Practice in the Catechumenate

‘If someone already knows all the basic doctrines of the faith, why must he receive instruction before being baptized?’ Many churches already have baptismal classes for baptism candidates to learn and discern their readiness together with the pastor. Why, indeed, would you want an even longer process?

Faith is a public act, and catechesis is as much about formation into the living practice of the Church as it is about information. For this reason, knowing and agreeing with the propositions of the Church – check, check, check – will not exempt anyone from learning through the catechism. First of all, far from being a mere checklist of propositions with nice, correct answers, a catechism establishes proportions upon basic foundational practices of the catholic Church. Second, moving through a catechism is itself the beginning of participation in the Church’s practice, both by what content the catechism includes and by training in following patterns.

The Heidelberg Catechism as an exemplar

The following, for example, is the apparent structure of the Heidelberg Catechism in outline:

I. The Misery of Man, Lord’s Days 2–4.

  1. The Fall;
  2. The natural condition of man;
  3. God’s demands on him in his law.

II. The Redemption (or Deliverance) of Man, Lord’s Days 5–31.

  1. The need for a Redeemer (Questions 12–21);
  2. The importance of faith, the content of which is explained by an exposition of the twelve articles of the Christian faith, known as the Apostles’ Creed (Questions 22–58) – the discussion of these articles is further divided into sections on:
    1. God the Father and our creation (Questions 26–28);
    2. God the Son and our salvation (Questions 29–52);
    3. God the Holy Spirit and our sanctification (Questions 53–58);
  3. Justification (Questions 59–64);
  4. The sacraments of Baptism and the Lord’s Supper (Questions 65–82);
  5. And the keys of the kingdom of heaven, namely the preaching of the gospel and Church discipline (Questions 83–85).

III. The Gratitude Due from Man (for such a deliverance), Lord’s Days 32–52.

  1. Conversion, which is continual, and good works (Questions 86–91);
  2. The Ten Commandments (Questions 92–115);
  3. The Lord’s Prayer (Questions 116–129).

The largest chunks here are those on the meaning of the Apostles’ Creed, of the Sacraments, of the Ten Commandments and of the Lord’s Prayer; the other material arguably supports these four.

Of the four, three are texts recited in the corporate worship of the Church: the Creed, the Ten Commandments and the Lord’s Prayer. As liturgical texts, they shape the Church’s being and character, and so they do with individual believers, that they learn (1) belief in the true God, (2) obedience to his commandments and (3) petition for his grace and Holy Spirit. The catechumen actually recites and reflects on the three texts as he progresses through the catechism, thus beginning to practise the things contained therein.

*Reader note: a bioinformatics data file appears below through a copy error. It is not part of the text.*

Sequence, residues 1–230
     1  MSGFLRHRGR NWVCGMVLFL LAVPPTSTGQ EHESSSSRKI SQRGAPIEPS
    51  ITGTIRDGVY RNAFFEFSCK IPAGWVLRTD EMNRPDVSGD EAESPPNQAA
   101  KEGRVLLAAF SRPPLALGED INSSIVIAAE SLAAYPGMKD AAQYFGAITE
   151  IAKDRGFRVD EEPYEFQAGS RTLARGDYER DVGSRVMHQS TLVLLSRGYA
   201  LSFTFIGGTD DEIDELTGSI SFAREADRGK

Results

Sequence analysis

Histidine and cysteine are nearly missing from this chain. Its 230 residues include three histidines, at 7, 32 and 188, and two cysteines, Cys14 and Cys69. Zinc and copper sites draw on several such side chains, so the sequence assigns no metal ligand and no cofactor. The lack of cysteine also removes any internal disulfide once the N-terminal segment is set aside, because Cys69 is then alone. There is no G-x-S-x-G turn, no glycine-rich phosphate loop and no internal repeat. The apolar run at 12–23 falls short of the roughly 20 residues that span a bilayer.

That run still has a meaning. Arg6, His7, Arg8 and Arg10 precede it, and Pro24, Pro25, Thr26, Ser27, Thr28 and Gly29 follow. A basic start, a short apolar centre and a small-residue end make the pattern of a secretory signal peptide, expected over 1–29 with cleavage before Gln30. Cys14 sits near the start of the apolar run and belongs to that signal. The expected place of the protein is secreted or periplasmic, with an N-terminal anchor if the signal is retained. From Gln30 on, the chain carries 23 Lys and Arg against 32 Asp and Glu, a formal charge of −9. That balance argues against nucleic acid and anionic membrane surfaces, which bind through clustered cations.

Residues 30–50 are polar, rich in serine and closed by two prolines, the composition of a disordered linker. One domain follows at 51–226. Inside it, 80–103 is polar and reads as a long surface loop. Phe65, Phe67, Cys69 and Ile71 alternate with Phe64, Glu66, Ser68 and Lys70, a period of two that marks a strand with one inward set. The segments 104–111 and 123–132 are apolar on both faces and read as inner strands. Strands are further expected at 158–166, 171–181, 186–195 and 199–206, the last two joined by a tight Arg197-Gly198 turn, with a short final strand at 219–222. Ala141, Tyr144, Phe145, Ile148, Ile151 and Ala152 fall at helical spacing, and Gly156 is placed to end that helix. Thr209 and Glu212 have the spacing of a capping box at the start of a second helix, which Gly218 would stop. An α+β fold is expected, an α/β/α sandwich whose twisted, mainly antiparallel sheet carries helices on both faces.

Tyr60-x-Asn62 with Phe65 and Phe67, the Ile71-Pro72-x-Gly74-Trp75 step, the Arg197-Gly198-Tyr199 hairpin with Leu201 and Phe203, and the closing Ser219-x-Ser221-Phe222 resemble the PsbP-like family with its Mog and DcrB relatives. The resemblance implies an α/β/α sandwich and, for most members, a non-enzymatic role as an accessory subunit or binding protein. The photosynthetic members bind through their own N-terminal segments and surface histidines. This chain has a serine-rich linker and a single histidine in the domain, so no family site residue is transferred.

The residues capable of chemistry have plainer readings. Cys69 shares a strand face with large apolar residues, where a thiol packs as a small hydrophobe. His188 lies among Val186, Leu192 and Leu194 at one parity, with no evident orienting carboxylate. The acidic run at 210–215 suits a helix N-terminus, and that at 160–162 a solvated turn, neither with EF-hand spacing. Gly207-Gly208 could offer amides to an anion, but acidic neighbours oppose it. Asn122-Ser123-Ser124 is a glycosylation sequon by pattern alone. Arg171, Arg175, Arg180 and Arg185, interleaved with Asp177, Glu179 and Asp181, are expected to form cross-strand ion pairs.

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As for the sacraments, together they form the (intermediate) cause of the catechism itself. Though the catechumen doesn’t undergo sacraments during catechetical instruction, this instruction is intimately connected with the sacraments. It either flows from baptism, for those baptized in infancy, or leads up to baptism, for those about to make that crucial step of conversion; it also urges the catechumen, once baptized, to go up to the Lord’s Supper and receive it with confirming faith. Again, then, this part, though not itself the practice of the two sacraments, is closely tied to that practice by the very nature of the catechism.

Catholic foundations

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The things I’ve talked about above are true not only of the Heidelberg Catechism but of other catechisms as well. Like the Heidelberg, the catechism in the 1662 Book of Common Prayer is obviously structured by the Creed, the Ten Commandments, the the Lord’s Prayer and the sacraments; similarly, Luther’s Small Catechism is explicitly structured by sections on the Ten Commandments, the Creed, the Lord’s Prayer and the sacraments (with a subsection on confession between the two sacraments), followed by extra instruction in daily prayers, a table of duties and some final questions. The Westminster catechisms seem to depart some from the fourfold structure, but even they contain its vestiges.

The pillars of a catechism are faith, law, prayer and sacraments. These things can’t be properly understood apart from the Church. And so we instruct covenant children and Gentiles considering baptism in formation in the holy Name.

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